Validation of Satellite-Derived Land Surface Temperature Products – Methods and Good Practice

Monday, 15 December 2014: 5:00 PM
Pierre C Guillevic1, Glynn C Hulley2, Simon J Hook1, Jim Biard3 and Darren Ghent4, (1)Jet Propulsion Laboratory, Pasadena, CA, United States, (2)NASA Jet Propulsion Laboratory, Pasadena, CA, United States, (3)Cooperative Institute for Climate and Satellite North Carolina State, Asheville, NC, United States, (4)University of Leicester, Leicester, United Kingdom
Land Surface Temperature (LST) is a key variable for surface water and energy budget calculations that can be obtained globally and operationally from satellite observations. LST is used for many applications, including weather forecasting, short-term climate prediction, extreme weather monitoring, and irrigation and water resource management. In order to maximize the usefulness of LST for research and studies it is necessary to know the uncertainty in the LST measurement. Multiple validation methods and activities are necessary to assess LST compliance with the quality specifications of operational users.

This work presents four different validation methods that have been widely used to determine the uncertainties in LST products derived from satellite measurements. 1) The temperature based validation method involves comparisons with ground-based measurements of LST. The method is strongly limited by the number and quality of available field stations. 2) Scene-based comparisons involve comparing a new satellite LST product with a heritage LST product. This method is not an absolute validation and satellite LST inter-comparisons alone do not provide an independent validation measurement. 3) The radiance-based validation method does not require ground-based measurements and is usually used for large scale validation effort or for LST products with coarser spatial resolution (> 1km). 4) Time series comparisons are used to detect problems that can occur during the instrument’s life, e.g. calibration drift, or unrealistic outliers due to cloud coverage. This study enumerates the sources of errors associated with each method. The four different approaches are complementary and provide different levels of information about the quality of the retrieved LST. The challenges in retrieving the LST from satellite measurements are discussed using results obtained for MODIS and VIIRS.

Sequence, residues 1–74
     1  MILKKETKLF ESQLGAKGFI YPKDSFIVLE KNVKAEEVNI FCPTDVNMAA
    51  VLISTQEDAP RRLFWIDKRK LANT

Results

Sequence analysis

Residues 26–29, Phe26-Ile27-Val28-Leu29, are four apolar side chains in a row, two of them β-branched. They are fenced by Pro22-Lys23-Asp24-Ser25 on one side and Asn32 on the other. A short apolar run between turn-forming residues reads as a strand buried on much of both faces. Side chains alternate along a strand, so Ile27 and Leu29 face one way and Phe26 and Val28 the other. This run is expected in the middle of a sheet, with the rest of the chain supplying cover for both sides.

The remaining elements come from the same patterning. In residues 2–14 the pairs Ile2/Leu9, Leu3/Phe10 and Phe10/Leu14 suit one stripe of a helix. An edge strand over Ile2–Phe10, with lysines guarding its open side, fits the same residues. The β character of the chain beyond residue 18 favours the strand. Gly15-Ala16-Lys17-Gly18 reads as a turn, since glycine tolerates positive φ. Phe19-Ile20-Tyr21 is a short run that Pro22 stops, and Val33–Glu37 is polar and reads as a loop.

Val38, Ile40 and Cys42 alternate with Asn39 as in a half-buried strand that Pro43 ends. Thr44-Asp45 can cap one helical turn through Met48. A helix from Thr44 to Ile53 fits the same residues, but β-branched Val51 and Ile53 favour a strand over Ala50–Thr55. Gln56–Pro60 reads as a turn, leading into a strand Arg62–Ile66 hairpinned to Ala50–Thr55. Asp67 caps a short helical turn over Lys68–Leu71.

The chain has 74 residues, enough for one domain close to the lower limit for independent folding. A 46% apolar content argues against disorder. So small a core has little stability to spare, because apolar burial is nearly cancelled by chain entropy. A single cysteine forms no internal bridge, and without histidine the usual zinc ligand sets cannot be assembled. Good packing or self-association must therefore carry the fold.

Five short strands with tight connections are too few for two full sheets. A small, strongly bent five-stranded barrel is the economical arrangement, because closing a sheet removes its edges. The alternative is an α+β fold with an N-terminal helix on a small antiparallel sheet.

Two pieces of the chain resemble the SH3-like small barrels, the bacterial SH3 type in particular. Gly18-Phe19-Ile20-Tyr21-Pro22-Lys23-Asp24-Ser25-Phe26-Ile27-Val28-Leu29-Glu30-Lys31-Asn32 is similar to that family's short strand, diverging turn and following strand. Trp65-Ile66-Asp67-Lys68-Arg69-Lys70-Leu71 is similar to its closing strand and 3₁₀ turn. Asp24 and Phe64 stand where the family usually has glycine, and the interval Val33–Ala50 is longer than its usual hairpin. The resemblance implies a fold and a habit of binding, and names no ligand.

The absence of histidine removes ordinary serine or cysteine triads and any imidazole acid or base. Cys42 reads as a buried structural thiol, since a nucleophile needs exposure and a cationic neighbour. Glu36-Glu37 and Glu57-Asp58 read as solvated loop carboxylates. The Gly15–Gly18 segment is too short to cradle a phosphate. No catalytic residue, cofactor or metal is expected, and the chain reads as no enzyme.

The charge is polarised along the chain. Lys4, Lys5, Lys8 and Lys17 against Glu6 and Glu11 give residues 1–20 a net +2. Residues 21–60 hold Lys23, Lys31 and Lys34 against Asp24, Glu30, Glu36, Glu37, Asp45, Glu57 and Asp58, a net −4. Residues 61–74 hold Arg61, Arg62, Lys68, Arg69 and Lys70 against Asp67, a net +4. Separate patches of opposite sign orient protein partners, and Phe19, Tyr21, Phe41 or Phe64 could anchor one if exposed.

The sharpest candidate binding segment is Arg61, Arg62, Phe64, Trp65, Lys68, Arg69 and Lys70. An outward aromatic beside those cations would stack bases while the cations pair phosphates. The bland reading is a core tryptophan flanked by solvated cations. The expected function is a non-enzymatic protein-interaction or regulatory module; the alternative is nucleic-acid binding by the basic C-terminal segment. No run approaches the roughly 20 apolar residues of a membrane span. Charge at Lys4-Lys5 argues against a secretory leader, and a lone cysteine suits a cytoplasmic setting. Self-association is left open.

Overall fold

This work contributes to the objective of the Land Product Validation (LPV) sub-group of the CEOS Working Group on Calibration and Validation (WGCV) that aims to address the challenges associated with the validation of global land products. It is also part of the EarthTemp initiative which main goal is to develop more integrated, collaborative approaches to observing and understanding Earth’s surface temperatures.